Previews for Home Fries suggest that a mild-mannered hunk takes a fast-food job simply to be near the sweet-spirited darling who cheerfully filled his drive-thru order. The encounter leads to friendship and true love, right? Not without some extremely dark wrinkles. Imagine viewers' shock when, in the opening scene, an attack helicopter intentionally forces a man's car off the road and the pilots scare him to death. Literally.
We soon learn the victim was cheating on his Machiavellian wife and it was her sons from a previous marriage, Dorian and Angus, who dusted dear old dad. Fearing their radio chatter may have been overheard by Sally, the Burger-Matic drive-thru girl, they decide Dorian (Luke Wilson) should start working there to find out how much she knows. He learns more than he bargained for. Sally (Drew Barrymore) turns out to be his late step-father's pregnant mistress-a secret the smitten Dorian must guard when his psychotic brother becomes obsessed with ferreting out and murdering the mysterious "other woman."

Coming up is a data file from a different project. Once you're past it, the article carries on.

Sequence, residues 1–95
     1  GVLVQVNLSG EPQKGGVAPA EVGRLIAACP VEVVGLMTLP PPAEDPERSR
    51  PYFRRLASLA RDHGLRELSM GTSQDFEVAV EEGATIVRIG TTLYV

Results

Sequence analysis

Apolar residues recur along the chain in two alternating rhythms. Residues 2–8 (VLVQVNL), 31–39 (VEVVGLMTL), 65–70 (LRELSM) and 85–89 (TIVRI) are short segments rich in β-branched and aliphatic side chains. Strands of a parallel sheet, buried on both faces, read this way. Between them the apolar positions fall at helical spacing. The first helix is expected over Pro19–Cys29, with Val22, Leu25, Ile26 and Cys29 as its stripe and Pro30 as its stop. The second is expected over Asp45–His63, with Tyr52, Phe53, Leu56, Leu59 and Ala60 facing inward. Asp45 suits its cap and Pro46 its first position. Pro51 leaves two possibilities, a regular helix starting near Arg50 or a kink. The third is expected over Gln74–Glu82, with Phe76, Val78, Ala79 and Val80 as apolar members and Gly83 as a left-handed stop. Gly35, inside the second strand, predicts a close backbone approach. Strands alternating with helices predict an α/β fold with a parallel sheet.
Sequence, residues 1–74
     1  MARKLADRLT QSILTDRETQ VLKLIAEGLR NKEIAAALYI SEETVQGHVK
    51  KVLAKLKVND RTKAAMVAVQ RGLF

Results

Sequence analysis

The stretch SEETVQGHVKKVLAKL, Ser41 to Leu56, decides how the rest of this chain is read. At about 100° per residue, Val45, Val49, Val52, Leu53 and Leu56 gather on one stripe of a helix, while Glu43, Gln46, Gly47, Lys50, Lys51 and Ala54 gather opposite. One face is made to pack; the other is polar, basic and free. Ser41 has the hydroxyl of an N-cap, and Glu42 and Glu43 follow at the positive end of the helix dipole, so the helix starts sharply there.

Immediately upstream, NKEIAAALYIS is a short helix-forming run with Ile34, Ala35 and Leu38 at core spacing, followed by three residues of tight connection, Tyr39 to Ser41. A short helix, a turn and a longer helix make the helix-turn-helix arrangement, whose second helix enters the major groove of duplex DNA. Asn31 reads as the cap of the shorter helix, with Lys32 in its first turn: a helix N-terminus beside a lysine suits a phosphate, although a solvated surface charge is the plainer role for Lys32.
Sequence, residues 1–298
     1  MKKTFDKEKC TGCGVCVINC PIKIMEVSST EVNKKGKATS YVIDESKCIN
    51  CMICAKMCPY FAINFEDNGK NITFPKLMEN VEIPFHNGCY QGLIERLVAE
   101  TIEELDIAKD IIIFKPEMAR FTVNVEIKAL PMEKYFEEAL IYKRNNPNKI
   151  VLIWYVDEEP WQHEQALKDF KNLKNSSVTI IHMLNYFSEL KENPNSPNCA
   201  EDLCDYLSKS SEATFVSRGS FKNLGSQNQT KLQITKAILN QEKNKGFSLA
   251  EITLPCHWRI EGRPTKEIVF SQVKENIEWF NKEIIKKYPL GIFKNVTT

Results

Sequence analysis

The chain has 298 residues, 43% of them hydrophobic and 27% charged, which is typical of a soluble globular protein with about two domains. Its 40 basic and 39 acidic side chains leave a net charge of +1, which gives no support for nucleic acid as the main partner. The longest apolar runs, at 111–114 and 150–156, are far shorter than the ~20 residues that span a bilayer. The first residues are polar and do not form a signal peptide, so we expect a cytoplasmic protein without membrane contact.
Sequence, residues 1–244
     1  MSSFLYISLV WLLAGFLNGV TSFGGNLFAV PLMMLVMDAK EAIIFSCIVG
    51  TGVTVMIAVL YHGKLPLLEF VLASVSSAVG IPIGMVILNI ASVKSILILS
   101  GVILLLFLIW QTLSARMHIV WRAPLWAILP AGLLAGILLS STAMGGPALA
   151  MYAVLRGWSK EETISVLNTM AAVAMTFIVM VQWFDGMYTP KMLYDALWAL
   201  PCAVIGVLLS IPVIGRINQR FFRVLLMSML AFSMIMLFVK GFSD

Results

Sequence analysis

To the film's credit, Home Fries cooks up a relationship between two good-hearted leads, making it easy to root for Dorian and Sally to rise above their bizarre circumstances. Past indiscretions notwithstanding, the kind, selfless Sally (a churchmouse in red curls) regrets her sexual naivety, has refused to abort the child and longs to be "a very good mother." Likewise, Dorian is chivalrous and sensitive despite his genes. He opposes the insane bloodlust consuming Angus and Mom, and ultimately risks his life to protect Sally and her baby.
The movie also advocates honesty in relationships and shows how alcohol can make people act stupidly. But these pluses can't overcome frequent profanity, blasphemous uses of God's name and some truly warped humor penned by The X-Files' Vince Gilligan. Producer Mark Johnson sums up his film best: "We have a romance between these two likable characters and yet, watching it all, it's sometimes anything but romantic."